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       a 501(3)(c) non profit organization based in Massachusetts
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Magnesium Project - Home Page

 What is The Magnesium Project?

The Magnesium Project models itself after other major scientific endeavors such as The Human Genome Project, The Human Proteome Project and others.  Projects of such scale require the collaboration of many scientists and institutions throughout the world.  The spin-off knowledge, technology and products from such projects has and will continue to be substantial. We believe the Magnesium Project may not be on the same scale as the Human Genome Project for example but it will nonetheless have important spin-offs in the fields of science and medicine.  We believe that some of those spin-offs will come in the form of learning new ways of collaborating, of sharing information, of developing unifying models, and of facilitating technology transfer to commercially viable products and services.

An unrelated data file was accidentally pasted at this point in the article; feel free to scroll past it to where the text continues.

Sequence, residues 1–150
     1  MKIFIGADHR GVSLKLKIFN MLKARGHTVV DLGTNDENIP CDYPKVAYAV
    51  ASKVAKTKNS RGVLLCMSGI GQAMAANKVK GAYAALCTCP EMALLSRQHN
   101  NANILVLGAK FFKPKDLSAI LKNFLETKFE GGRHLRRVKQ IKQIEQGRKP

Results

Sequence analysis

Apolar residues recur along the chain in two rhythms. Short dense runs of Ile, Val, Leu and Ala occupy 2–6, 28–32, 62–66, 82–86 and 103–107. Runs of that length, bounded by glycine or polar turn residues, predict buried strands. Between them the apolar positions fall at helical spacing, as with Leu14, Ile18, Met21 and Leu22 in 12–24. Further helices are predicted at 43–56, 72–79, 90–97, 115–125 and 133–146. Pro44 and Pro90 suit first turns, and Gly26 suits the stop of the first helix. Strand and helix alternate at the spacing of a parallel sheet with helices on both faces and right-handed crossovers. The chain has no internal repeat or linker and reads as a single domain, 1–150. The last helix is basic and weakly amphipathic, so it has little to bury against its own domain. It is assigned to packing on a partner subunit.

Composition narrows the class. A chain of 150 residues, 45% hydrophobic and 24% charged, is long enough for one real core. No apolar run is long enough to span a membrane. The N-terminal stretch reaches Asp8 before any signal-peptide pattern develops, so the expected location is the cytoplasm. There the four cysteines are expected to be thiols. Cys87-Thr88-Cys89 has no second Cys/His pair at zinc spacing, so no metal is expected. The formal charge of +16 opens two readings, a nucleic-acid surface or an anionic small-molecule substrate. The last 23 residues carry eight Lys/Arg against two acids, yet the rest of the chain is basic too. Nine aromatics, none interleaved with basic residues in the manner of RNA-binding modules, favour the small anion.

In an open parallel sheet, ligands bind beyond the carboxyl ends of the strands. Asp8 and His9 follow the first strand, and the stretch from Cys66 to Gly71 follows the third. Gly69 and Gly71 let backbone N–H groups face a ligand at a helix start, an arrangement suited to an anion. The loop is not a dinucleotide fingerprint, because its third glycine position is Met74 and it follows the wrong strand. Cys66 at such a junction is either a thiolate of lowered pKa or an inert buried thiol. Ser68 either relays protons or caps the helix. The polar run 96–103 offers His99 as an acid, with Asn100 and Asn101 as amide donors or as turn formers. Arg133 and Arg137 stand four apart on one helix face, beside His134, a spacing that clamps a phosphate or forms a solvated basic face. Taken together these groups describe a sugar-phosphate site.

Why Magnesium?

Magnesium in its ionic form is one of the essential electrolytes in all life forms.  It plays a key role in membrane integrity, in cross-membrane transport  systems and in stability of numerous enzymes and biochemical compounds.  To date we know that there are hormones or other regulatory chemicals (including ion channel proteins) responsible for influencing the update, discharge and activity of the other primary cationic electrolytes in the body, sodium, potassium and calcium.  However, there has been relatively little effort to identify an equivalent hormone playing such a role in magnesium utilization.  We have coined the term Magnetonin for this missing hormone.  In fact, by analogy with calcium and calcitonin there are likely to be a number of missing regulatory proteins and pathways including for example a peptide hormone releasing factor and magnesium level sensors linked to a signaling pathway that turns on a genetic code to initiate production of Magnetonin.